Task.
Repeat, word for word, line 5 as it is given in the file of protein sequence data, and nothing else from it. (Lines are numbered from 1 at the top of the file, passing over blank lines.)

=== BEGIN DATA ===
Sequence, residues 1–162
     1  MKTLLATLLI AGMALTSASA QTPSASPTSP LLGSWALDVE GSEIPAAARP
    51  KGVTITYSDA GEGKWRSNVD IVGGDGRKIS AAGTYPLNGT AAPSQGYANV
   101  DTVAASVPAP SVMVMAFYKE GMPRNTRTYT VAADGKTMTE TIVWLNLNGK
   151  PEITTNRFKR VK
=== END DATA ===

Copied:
   151  PEITTNRFKR VK